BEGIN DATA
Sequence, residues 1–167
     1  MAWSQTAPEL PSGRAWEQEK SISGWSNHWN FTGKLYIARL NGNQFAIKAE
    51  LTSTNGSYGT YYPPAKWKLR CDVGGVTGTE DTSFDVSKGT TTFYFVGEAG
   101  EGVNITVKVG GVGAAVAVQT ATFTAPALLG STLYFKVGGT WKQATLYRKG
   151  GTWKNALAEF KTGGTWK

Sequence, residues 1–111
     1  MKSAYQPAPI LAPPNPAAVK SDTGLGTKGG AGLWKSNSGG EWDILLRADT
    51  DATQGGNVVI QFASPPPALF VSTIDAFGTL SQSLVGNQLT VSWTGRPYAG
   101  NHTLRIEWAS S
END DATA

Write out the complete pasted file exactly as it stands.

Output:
Sequence, residues 1–167
     1  MAWSQTAPEL PSGRAWEQEK SISGWSNHWN FTGKLYIARL NGNQFAIKAE
    51  LTSTNGSYGT YYPPAKWKLR CDVGGVTGTE DTSFDVSKGT TTFYFVGEAG
   101  EGVNITVKVG GVGAAVAVQT ATFTAPALLG STLYFKVGGT WKQATLYRKG
   151  GTWKNALAEF KTGGTWK

Sequence, residues 1–111
     1  MKSAYQPAPI LAPPNPAAVK SDTGLGTKGG AGLWKSNSGG EWDILLRADT
    51  DATQGGNVVI QFASPPPALF VSTIDAFGTL SQSLVGNQLT VSWTGRPYAG
   101  NHTLRIEWAS S